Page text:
Heading iii, Racial Prejudice, is related to the topic of the paragraph, but prejudice is a negative idea, and in the paragraph the writer uses positive words and phrases, ‘interaction’, ‘achieved’, ‘migration has worked’. Heading vi. Cultural Diversity, is also related to the topic. If you do not know what ‘diversity’ means (it means variety) then the word ‘culture’ is enough to give you a match here. So the correct answer is vi.

Question 4

Step 2—Read the question

Step 3—Look for the answer

1. The first sentence says drat tourists have favorable (positive) impressions (opinions) about Australians being friendly.

The friendliness of the Australian people is something which surveys of tourists show to be one of the main and most favorable impressions of visitors.

2. Look at the rest of the paragraph and the figure. The use of the results of surveys and students’ opinions supports the main idea that visitors like Australia and its people.

3. Of the remaining headings: heading iii, Racial Prejudice, is negative so cannot be correct and heading viii, The Australian Personality, is possible if you look only at the first sentence of die paragraph. However, the rest of the paragraph, including Figure 1, is about the positive impressions of overseas students. Heading vii, Positive Impressions of Overseas Students Towards Australians, is the correct answer.

Question 5

Step 2—Read the instructions and the question

The instructions tell you to complete the given sentence in no more than three words. Your answer should be grammatically correct. Since you are looking for specific information from the text you have to scan the text for the answer. The key words in question 5 are underlined:

Australia’s economic recession has led to an increase in …

You are looking for a consequence or result of economic recession, in particular something which has increased

Step 3—Look for die answer

If you know approximately where to begin scanning in the relevant paragraph, you will be able to find the key words you are looking for much more efficiently and quickly. In this instance there arc two ways to find the answer.

You might remember seeing the words ‘economic recession’ in paragraph C, and if so you can go directly to this paragraph and begin scanning for the key words or their synonyms. Even if you did not see the words in the text, you might still be able to guess that the subject of economic recession is relevant to the paragraph which talks about the problems of finding work in Australia (paragraph C).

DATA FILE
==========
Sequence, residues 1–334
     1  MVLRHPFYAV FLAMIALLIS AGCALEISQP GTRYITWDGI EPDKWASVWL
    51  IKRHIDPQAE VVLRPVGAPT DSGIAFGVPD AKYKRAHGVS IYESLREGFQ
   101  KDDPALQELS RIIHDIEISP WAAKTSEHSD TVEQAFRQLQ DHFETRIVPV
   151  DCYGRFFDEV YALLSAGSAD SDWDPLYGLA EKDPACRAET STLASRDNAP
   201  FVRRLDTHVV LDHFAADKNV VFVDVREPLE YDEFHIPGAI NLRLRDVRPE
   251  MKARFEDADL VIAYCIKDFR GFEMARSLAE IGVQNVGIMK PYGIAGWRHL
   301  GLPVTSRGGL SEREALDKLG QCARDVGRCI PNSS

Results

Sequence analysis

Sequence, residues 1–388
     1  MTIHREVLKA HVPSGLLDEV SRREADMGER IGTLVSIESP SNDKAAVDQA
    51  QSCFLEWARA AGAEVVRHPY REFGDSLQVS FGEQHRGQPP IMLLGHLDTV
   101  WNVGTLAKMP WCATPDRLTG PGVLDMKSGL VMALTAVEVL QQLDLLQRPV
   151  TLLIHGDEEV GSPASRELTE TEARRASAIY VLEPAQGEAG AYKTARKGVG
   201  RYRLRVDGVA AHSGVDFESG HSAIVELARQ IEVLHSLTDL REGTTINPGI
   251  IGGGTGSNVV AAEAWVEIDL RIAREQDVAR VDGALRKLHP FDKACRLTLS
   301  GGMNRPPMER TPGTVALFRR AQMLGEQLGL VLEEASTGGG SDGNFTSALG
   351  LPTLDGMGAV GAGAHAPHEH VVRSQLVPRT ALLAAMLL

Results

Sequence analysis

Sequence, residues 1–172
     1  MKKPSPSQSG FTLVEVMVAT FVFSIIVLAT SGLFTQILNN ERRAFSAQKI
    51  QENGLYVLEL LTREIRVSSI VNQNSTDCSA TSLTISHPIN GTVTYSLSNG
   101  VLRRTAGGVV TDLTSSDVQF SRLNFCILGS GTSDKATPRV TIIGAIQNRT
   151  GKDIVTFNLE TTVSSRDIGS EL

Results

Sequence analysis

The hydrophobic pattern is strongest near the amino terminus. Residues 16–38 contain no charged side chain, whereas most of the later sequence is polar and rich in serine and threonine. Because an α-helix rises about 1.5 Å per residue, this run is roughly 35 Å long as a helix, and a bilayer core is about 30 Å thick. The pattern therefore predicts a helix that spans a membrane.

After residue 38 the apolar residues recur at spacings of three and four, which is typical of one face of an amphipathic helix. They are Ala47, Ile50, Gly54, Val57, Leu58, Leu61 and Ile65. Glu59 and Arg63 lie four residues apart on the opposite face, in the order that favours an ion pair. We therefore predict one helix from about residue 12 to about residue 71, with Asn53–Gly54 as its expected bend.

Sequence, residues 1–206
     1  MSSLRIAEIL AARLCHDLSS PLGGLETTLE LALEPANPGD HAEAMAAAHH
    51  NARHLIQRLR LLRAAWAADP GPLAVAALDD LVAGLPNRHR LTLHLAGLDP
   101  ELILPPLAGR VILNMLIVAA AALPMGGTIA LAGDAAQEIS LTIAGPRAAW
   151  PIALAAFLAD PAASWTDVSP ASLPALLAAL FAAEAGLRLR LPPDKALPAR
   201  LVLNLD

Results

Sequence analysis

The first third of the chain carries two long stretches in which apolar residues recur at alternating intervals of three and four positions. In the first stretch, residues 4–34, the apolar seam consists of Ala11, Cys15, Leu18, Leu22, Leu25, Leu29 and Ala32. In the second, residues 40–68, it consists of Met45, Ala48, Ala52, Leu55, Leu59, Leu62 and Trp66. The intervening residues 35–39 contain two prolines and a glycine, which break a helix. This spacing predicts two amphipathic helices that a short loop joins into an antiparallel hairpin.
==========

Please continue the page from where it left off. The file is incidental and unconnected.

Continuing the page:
In paragraph C, the relevant sentence says that ‘it is not easy to find work at the moment’ because of the economic recession. If jobs are hard to find, this means that unemployment has increased—the answer would be unemployment.

If you have no idea where to start scanning, you should start at the beginning of the text. If you begin scanning from the beginning of the text you see that the word ‘recession’ is also mentioned in paragraph A. Here it says that the recession has made ‘many people unemployed’. You should write only the word ‘unemployment’ on your answer sheet.

Question 6

Step 2—Read the question

The key words in the question are:

In February 1991, the Australian Government passed a law permitting overseas students …

Step 3—Find the answer

Scanning for the date (numbers are much easier to find in a text than key words), we find it in paragraph B. In die sentence with the date, and the sentence before it, we see that the government made it easier for overseas students to work. The correct answer is therefore to work.

Question 7

Step 2—Read the question

The key words in the question are:

A holder of a student visa is not allowed to …

Step 3—Find the answer

You may remember seeing the words ‘student visa’ in the paragraph about working while studying (paragraph B). Even if you did not sec these words in die text, you might still be able to guess that the subject of student visas is relevant to this paragraph. If this, too, is not clear, then you should start at the beginning of the text and scan for the key words above, or their synonyms.

The words ‘student visa’ are at the end of paragraph B. Here you will also see the words ‘not permitted’, which arc a synonym of other key words in the question, ‘not allowed’. The last sentence, ‘Part-time study is not permitted on a student visa’, says that you cannot study part-time on a student visa. The correct answer is therefore study part-time.

Question 8

Step 2—Read the question

The key words are:

Seventy-eight per cent of Australians had positive feelings about …

Step 3—Find the answer

From what you already know about tire text, you can guess that tire answer to this question will be in the last paragraph. You should scan this paragraph for the figure 78.

Actually, the number is not mentioned in the last paragraph. The final part of the last paragraph mentions ‘between 80 and 90 per cent of overseas students’ but this does not help. The only other place that percentages are mentioned is in the table. The answer is in the second half of the table, which Iras details about die attitude of Australians toward overseas students. If you add together the percentages in the positive section, you gee 78%. The answer is therefore overseas students.

Analysis and Practice